During periods of intense cold, follow these instructions for safe use of your heating appliances.


  • Make sure you don't overload electric circuits with portable heaters, and never leave a portable heater unattended.

  • If you need to use an extension cord, make sure it can withstand the power load by comparing the power capacity on the cord or its socket with the appliance's rating place. This helps prevent overheating and starting a fire. According to the manufacturer's standards, make sure the extension cord is away from combustible materials (clothing, curtains, furniture, etc.)

  • A blown fuse (which is screwed into an electrical panel) usually means that electrical circuits were overloaded. In this case, never replace this fuse with another of stronger intensity. Just plug appliances that use lots of electricity into other sockets so that you distribute the power load more evenly. If necessary, ask an electrician for advice to reduce the risk of fire.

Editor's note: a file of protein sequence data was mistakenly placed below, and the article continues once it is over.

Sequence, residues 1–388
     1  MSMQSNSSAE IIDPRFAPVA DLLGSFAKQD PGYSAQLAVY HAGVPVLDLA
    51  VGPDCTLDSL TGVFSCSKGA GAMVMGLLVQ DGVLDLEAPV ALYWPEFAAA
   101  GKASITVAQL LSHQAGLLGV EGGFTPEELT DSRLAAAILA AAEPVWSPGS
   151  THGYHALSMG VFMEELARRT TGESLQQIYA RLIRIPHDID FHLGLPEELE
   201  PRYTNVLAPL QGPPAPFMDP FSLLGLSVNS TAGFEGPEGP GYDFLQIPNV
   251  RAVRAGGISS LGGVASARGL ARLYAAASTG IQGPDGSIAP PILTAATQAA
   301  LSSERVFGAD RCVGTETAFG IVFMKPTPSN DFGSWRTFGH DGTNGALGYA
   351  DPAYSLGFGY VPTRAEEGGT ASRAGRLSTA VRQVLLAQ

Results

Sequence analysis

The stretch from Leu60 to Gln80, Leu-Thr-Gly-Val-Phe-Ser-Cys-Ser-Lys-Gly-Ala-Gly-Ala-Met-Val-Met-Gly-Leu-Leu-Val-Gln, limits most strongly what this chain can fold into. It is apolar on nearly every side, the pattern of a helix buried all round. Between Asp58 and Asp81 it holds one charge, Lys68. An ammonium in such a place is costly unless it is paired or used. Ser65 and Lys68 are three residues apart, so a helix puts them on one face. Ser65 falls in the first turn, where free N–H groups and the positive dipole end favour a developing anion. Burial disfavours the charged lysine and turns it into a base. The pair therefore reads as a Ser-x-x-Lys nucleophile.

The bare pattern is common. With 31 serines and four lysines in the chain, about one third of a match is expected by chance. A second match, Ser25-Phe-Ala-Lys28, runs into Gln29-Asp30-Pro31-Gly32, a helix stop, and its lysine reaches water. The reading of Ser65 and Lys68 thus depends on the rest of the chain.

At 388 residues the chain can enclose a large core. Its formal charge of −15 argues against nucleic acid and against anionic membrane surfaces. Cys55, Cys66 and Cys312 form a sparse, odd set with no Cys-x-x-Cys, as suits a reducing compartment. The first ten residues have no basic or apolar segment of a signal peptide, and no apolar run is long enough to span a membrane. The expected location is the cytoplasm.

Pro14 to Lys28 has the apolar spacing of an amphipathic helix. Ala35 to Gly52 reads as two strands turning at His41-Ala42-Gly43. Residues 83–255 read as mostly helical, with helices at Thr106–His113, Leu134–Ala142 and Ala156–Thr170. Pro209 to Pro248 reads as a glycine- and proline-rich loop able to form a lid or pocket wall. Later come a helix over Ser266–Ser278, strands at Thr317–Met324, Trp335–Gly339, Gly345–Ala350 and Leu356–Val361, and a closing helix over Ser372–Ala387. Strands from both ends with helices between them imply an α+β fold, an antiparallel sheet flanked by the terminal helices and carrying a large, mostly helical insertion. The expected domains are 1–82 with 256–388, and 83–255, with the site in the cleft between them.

• Keep combustible materials such as furniture and curtains at least 30 cm away from electrical baseboards. Never use electrical baseboards to dry your clothes. 

  • If you have a wood-burning stove or fireplace, have the chimney cleaned at least once a year, and more often if you burn a lot of wood.

  • In the event of an electrical outage, never use heating appliances designed for camping. They require good ventilation, and with indoor use, there is a high risk of carbon monoxide poisoning. Never leave a candle burning unattended or near combustible materials. Keep candles out of the reach of children. These actions have caused several fires in Montréal.

  • Before the winter, your main heating system and auxiliary heating systems (oil, natural gas or wood) should be inspected professionally to make sure they are working properly and to reduce the risk of fire.